The Old/New Grand Central

The New/ Grand Central Theatre
By James Grebe
Vers: 1.4

Our story begins with the Central Theatre, which was at 525 Market in downtown St. Louis. The Rex Amusement Company, which was a liaison of three men, operated that theatre
The first was Edmond Koeln, who was born September 10, 1866, in Carondolet. He married Annie Jodd and they had 4 children and resided at 3624 Loughborough. His home has been replaced by new construction. He was an active Republican politician and the Collector of Revenue for the City of St. Louis. The street named for him, now known as Koeln, runs from Water Street to Field Street in the Carondolet area.
The second man was Theodore Rassieur, a graduate of Washington University in law in 1887 who was a prominent attorney, and had been a personal lawyer for John Queeny of Monsanto, and other powerful men in that era of St. Louis history. He was born July 26, 1866 and was married Carrie Miller in 1896 and resided at 3663 Flora Blvd in St. Louis.
Shown next is the stately home of Theodore Rassieur where he lived on Flora Place in the early 1920’s

The third man was William Siever, who had a history in the film distributorship and entertainment business. In the year 1914, Sievers had taken over the Alco Film Distributorship in New York and was involved in a lawsuit when he bought Alco Film Company. He allegedly was defrauded as the company was not worth as much as he paid for it. When Sievers bought it, Alco was a company and later, under his control, the name was changed to Alco Film Corporation.
These three men formed the Rex Amusement Company and built the New Grand Central Theatre.

The New Grand Central originally had a seating capacity of 1,750 persons. The building cost $150,000.00 to build. The New Grand Central was built at the northeast corner of Grand at Lucas, now the parking lot of what is now, Powell Hall, formerly the St. Louis Theatre. The architects were Hirsch and Watson.
The first pipe organ installed in the theatre was a Kilgen 2m/10r, installed in 1913 and had a tubular pneumatic action. This action pre-dated electro-pneumatic action and was the first of 3 Kilgen organs installed in the theatre but the original Opus number is unknown. This could mean that it was a transplanted church organ.
The names Old and New seemed to be mixed up in the early days of the theatre. The New Grand Central came first as there was a “grand” Central Theatre in downtown St. Louis at 6th & Market.. The “grand” in that sense meant it was “grand” as compared to ordinary. The theatre on Grand remained the New Grand Central, until the Skouras Brothers bought it in 1920 and they removed the “New” from the name. In the year 1920, the Skouras Brothers, George, Charles and Spyros, bought the Central and New Grand Central for $350.000.00. The New Grand Central name stayed with Grand Avenue theatre in spite of the Skouras Brothers dropping the “New”. The New Grand Central was the first theatre in St. Louis devoted to showing motion pictures, although, it did succumb to having some vaudeville. The brothers were anxious to gain control of these theatres since, along with the theatres, came the lucrative First National Films Franchise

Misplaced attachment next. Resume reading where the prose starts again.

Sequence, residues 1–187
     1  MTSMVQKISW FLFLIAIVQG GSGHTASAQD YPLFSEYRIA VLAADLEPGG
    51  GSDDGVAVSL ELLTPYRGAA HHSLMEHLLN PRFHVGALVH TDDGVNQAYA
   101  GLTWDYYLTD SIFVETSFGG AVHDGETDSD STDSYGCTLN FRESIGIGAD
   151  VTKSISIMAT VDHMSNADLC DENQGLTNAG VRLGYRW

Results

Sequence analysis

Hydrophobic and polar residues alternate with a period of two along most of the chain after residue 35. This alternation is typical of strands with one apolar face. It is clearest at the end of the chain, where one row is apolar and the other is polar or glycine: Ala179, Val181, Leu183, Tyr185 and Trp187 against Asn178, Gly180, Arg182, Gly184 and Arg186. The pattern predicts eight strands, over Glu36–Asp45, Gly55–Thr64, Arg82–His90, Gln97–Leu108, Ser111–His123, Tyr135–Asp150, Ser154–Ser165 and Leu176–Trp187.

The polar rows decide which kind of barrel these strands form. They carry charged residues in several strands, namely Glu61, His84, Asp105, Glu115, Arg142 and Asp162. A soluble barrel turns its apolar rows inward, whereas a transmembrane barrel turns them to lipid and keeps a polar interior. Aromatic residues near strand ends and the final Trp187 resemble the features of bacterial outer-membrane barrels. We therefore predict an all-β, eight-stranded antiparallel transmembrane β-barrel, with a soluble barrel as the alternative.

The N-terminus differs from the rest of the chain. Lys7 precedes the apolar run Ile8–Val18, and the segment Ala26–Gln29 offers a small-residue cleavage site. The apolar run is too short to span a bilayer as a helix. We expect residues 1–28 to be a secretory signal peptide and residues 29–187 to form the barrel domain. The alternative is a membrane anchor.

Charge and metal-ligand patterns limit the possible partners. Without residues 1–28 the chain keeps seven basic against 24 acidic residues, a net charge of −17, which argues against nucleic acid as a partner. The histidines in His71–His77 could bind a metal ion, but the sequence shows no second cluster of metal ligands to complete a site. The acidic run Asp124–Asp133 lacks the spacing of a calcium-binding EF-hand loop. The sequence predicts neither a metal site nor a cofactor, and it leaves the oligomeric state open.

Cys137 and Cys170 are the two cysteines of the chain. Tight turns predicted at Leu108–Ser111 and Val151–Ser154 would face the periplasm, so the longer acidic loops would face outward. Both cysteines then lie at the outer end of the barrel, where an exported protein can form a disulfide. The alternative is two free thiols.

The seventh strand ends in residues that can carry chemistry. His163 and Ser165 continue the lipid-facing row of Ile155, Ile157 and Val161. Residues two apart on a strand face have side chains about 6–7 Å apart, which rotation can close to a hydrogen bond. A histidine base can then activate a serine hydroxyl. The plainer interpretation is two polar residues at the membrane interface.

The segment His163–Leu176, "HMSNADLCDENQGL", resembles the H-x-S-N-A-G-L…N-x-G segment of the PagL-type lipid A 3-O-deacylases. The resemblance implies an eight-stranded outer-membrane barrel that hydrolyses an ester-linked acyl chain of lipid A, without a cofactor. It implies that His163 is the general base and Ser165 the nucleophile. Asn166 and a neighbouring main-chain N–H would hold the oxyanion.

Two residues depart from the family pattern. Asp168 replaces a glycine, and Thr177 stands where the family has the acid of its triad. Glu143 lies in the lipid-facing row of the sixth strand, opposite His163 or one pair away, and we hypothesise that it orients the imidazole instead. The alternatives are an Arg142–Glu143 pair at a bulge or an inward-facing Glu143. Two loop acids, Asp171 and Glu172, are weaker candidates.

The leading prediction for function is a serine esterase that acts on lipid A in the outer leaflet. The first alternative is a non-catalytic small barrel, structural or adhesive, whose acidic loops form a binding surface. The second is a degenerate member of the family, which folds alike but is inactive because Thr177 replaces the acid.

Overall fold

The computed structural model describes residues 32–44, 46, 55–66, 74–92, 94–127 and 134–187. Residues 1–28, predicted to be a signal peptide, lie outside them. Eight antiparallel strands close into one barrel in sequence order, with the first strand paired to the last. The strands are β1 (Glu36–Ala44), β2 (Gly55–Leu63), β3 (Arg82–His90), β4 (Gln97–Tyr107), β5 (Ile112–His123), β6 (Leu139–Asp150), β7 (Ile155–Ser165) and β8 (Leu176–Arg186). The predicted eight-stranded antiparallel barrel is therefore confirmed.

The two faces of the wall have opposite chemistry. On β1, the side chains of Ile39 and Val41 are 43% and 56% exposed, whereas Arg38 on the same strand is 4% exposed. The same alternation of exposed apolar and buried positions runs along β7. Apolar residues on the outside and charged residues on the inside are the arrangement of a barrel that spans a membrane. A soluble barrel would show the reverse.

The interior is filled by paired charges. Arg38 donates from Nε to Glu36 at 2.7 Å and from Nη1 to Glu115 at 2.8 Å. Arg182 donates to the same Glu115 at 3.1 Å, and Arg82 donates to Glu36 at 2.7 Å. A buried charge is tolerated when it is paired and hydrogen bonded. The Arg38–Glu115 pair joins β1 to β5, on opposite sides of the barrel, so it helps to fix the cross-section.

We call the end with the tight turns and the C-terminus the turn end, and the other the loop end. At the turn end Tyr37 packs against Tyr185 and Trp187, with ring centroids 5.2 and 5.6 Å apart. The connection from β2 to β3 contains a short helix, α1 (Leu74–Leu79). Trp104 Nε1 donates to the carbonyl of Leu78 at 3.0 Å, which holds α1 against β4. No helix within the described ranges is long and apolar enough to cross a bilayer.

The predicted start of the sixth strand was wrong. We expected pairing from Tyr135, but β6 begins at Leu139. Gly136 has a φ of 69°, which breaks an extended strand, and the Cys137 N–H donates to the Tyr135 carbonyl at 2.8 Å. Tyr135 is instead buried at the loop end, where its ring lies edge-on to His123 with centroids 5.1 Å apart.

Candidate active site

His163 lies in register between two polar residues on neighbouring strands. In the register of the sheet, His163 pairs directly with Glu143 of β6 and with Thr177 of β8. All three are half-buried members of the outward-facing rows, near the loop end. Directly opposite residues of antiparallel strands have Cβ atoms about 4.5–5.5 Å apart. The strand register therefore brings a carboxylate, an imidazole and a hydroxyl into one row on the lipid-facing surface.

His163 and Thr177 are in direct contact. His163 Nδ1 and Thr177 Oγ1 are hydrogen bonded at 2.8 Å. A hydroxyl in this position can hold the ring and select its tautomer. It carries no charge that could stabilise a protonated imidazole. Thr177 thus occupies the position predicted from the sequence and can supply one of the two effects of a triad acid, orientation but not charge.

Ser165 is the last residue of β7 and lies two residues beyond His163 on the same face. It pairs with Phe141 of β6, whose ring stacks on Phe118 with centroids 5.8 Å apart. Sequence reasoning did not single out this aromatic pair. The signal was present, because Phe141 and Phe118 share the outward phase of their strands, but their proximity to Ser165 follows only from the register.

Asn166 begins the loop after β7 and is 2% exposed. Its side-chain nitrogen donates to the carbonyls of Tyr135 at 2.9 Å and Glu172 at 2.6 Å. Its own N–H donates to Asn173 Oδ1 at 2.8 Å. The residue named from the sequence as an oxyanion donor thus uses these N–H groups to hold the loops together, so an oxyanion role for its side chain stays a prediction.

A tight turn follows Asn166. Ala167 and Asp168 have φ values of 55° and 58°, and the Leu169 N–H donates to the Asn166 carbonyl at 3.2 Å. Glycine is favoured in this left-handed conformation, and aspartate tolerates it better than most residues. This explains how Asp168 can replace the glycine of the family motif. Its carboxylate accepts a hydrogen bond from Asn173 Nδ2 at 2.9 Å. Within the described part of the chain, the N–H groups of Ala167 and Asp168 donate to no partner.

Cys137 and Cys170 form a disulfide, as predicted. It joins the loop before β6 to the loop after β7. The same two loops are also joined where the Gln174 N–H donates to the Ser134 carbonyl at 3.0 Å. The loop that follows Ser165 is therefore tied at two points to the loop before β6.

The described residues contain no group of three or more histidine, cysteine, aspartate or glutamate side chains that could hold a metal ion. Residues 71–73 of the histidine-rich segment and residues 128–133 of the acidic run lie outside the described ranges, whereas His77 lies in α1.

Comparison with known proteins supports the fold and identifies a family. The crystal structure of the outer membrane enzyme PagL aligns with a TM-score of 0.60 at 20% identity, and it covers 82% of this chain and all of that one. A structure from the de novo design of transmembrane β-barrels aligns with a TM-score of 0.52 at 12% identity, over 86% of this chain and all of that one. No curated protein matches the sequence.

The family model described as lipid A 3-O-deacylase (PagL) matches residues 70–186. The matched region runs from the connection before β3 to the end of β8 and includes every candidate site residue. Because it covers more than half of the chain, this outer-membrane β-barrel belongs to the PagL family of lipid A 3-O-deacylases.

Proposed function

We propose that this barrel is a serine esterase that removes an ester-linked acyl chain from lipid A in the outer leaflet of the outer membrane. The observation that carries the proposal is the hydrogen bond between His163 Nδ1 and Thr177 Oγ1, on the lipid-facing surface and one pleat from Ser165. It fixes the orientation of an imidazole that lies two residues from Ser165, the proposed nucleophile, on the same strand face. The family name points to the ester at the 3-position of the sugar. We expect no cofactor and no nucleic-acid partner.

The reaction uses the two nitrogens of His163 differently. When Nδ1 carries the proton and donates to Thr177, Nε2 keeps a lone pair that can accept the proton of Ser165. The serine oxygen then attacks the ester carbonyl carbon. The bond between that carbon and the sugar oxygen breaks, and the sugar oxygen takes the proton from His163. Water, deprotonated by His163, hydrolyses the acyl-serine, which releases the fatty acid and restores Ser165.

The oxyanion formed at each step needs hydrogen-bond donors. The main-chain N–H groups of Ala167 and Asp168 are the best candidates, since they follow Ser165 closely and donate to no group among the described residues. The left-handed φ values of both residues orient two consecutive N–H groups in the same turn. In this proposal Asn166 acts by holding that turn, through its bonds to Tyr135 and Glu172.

. The proscenium of the New Grand Central was 45’ wide though the stage was only 20’ deep as it was built for film, not live theatre. In 1921, the building was remodeled and the seating capacity was increased to 2,500. The replacement seats were smaller and were closer together. The new orchestra pit could house a 21 piece orchestra for film and the organ console.. The interior was decorated with gargoyles looking down at the audience. It is reported that they were not the threatening type. Ornate plasterwork dominated the whole interior of the New Grand Central shown below one of only two pictures known showing inside the auditorium
In 1920, Opus #3066, in the New Grand Central, a rebuild was done and many additions were added to the earlier installed Kilgen.

In 1923, the theatre became the NEW Grand Central again with the organ enlarged once more and it became to be the largest Kilgen Theatre Organ in St. Louis. Kilgen called it one of their “Wonder Organs” and moved the console to the pit area from its’ former place under a special arch on the south side of the theatre. The pipe chambers were also moved and enlarged to accommodate the enlargement of the specification.
The organ now became Opus #3204
. The specifications for this “Wonder Organ”, 3M/20R, follows.
The disposition of ranks are:

16’ Diaphonic Diapason 1-97 pipes right side
16’ Tibia 1-85 Pipes right side
16’ Bourdon 1-97 pipes left side
8’ String (Gamba) 1-80 pipes right side
8’ VDO 1-61 pipes right side
8’ String Celeste 13-73 pipes right side
8’ Quintadena 1-55 pipes left side
8’ Gemshorn 1-85 pipes left side
8’ Gemshorn Celeste 13-73 pipes left side
8’ Solo String (unison) 1-73 pipes roof
8’ Solo String (flat) 13-73 pipes roof
8’ Solo String (sharp) 1-73 pipes roof
16’ Tuba 1-73 pipes right side
8’ Trumpet 1-73 pipes left side
8’ Oboe Horn 1-73 pipes left side
8’ Clarinet 1-61 pipes right side
8’ Saxaphone 1-61 pipes left side
8’ Orchestral Oboe 1-61 pipes right side
8’ Kinura 1-61 pipes right side
8’ Vox Humana 1-73 pipes right side
Marimba Harp 1-49 bars left side
Chrysoglott (Glockenspiel) 1-37 bars roof
Xylophone 1-37 bars left side
Orchestra Bells 1-37 bars left side
Tuned Sleigh Bells 1-25 notes left side
Chimes 1-20 tubes roof
All of these percussions on the left side:
Bass Drum (Kettle Drum), Cymbal (Crash Cymball), Snare Drum (Tap), Tamborine, Castanets, Chinese Block, Tom tom, Triangle, Auto Horn, Fire Gong, Steamboat whistle, Horse hoofs, Two birds, one in each chamber, Door bell, Siren
The console had 3 expression pedals , including a Master and a Crescendo pedal. Double Touch was offered on the Great ansd Acc. Manuals as well as Pizzacato Solo to Great coupler. There were a total of 10 double acting Combonation pistons under each manual.. The entire organ was on unit chests.
There was also a 2nd Touch grouping of ranks.
There were 2 genaeral Tremolos, one for each side as well as a
Tremolo for Tibia, Tuba, and Vox Humana, and Solo Strings
.